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W.Va. neighborhood 'under siege'

August 19, 1998|By KERRY LYNN FRALEY

GERRARDSTOWN, W.Va - Local police agencies are doing what they can - including beefing up patrols and making arrests - to address a rash of problems in a Gerrardstown neighborhood, officials said Wednesday.

Calls complaining of loud parties, noisy motorbike riding, loitering groups of youths with knives and vandalism started coming in last month, police officials said.

A complaint of a loud party on July 25 led to the Aug. 16 arrest of Vickie Creamer, 36, of Route 1, Box 78M, Gerrardstown, on charges of cultivating a controlled substance, according to Berkeley County Magistrate Court records.

West Virginia State Police troopers investigating the party complaint noticed four marijuana plants growing in a yard, according to court records.

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Creamer has been released on $25,000 bond, according to court records.

Creamer's arrest prompted a 16-year-old Gerrardstown boy to threaten a couple with a rifle, according to West Virginia State Police. Police returned and chased the boy into the woods, said Sgt. J.A. Humphrey.

He was charged with brandishing a weapon, obstructing an officer and being a minor in possession of a firearm, Humphrey said.

The couple's daughter, Diana Douglass, claims the boy's arrest touched off a string of retributory acts by his friends.

On Tuesday night, someone fired shots at her family's two vehicles and their home's front windows, she said.

Douglass, 46, who with her parents owns Mill Creek Manor Bed and Breakfast on Virginia Line Road, said she has complained to state police and the sheriff's department about the ongoing problems and their slow response to calls.

"It's unbelievable. We are under siege. We can't even leave our home," she said.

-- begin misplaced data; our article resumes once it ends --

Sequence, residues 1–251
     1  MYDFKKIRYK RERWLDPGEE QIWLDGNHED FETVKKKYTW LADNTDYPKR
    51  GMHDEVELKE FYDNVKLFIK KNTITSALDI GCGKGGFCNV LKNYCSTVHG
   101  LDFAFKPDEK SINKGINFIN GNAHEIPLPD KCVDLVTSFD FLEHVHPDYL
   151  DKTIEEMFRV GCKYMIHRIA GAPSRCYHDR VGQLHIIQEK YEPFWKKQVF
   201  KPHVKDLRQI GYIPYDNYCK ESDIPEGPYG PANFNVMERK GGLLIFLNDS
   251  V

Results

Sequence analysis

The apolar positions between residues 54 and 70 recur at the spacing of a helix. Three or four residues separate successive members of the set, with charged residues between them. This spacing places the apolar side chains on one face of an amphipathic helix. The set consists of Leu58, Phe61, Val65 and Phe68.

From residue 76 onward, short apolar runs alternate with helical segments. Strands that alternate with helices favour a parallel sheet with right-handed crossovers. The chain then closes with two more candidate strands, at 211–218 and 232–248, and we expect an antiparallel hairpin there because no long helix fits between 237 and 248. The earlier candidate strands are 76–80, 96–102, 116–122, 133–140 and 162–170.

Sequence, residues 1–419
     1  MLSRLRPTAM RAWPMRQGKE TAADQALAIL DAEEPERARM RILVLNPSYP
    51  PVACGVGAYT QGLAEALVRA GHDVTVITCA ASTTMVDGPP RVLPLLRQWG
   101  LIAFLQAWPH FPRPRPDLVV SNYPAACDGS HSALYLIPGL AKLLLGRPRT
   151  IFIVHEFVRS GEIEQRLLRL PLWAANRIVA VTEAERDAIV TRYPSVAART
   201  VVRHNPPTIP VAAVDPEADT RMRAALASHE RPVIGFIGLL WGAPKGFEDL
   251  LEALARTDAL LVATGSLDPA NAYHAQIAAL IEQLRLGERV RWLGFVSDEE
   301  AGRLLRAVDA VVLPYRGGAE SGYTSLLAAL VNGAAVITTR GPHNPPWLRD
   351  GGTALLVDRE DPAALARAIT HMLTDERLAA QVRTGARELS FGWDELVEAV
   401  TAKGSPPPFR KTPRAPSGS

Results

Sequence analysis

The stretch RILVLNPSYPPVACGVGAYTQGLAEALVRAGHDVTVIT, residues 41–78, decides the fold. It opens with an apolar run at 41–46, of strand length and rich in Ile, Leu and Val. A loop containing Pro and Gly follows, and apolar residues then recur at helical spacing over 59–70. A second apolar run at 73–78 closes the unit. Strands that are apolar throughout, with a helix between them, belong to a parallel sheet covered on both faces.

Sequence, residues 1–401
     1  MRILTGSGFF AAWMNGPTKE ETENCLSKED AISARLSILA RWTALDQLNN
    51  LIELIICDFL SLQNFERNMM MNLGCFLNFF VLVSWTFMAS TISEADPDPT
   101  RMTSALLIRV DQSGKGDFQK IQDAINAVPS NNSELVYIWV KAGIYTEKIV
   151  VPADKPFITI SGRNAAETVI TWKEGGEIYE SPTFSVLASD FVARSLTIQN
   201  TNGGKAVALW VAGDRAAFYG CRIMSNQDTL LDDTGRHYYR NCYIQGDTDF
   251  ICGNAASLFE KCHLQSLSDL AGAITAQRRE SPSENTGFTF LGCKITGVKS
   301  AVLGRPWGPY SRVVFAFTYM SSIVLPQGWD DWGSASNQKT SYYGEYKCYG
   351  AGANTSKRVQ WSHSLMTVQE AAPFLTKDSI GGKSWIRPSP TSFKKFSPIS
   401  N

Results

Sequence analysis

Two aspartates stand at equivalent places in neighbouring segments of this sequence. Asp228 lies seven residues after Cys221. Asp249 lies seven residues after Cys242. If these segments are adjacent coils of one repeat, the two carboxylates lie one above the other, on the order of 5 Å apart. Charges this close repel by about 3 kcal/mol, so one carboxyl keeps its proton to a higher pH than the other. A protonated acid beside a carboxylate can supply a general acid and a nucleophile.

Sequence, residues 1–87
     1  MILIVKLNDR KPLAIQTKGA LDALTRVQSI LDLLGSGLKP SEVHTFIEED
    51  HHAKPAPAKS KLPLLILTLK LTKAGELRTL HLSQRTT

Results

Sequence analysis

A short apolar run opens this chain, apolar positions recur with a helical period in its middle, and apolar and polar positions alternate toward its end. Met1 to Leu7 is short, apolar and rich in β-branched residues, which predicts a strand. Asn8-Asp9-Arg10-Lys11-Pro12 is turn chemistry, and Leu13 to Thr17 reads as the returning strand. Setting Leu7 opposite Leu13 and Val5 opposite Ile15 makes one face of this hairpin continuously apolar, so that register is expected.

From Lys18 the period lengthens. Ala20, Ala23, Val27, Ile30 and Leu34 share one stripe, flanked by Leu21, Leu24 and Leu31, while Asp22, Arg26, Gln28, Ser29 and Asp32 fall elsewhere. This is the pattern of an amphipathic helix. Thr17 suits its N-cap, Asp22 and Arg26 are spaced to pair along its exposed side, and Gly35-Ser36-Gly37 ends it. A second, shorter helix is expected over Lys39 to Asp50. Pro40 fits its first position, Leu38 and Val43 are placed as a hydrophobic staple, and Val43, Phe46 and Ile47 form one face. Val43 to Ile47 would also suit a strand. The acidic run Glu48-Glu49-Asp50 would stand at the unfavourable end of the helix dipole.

Both departments have been doing their best to handle the complaints, said Humphrey and Berkeley County Sheriff Ronald E. Jones.

Response time comes down to how many officers are on the road when a call comes in, where they are, what they're doing and the call's priority in relation to others they need to handle, both said.

For example, a domestic situation in which a weapon is involved would be handled before a report of someone standing in the street yelling obscenities, Jones said.

Sheriff's deputies have responded as quickly as possible to calls of problems in Gerrardstown, he said.

On Tuesday night, a deputy took eight minutes to arrive at the Douglass residence after a request for a patrol because a large group of people with knives was reportedly outside, according to the police report. All was quiet when the deputy arrived, the report said.

When the deputy returned later that night to check the area, he was flagged down and told about BB gunshots fired at the Douglass vehicles and home, according to the report.

While personnel is spread thin, state police plan to focus on the area as much as possible to try to diffuse problems, Humphrey said.

"We are going to invest any spare unit we have between calls," he said. "If they know we're in the area or if they know we might be in the area, maybe it will quiet things down."

The sheriff's department will also do its best, but it can't focus on one area at the expense of the rest of the county, Jones said.

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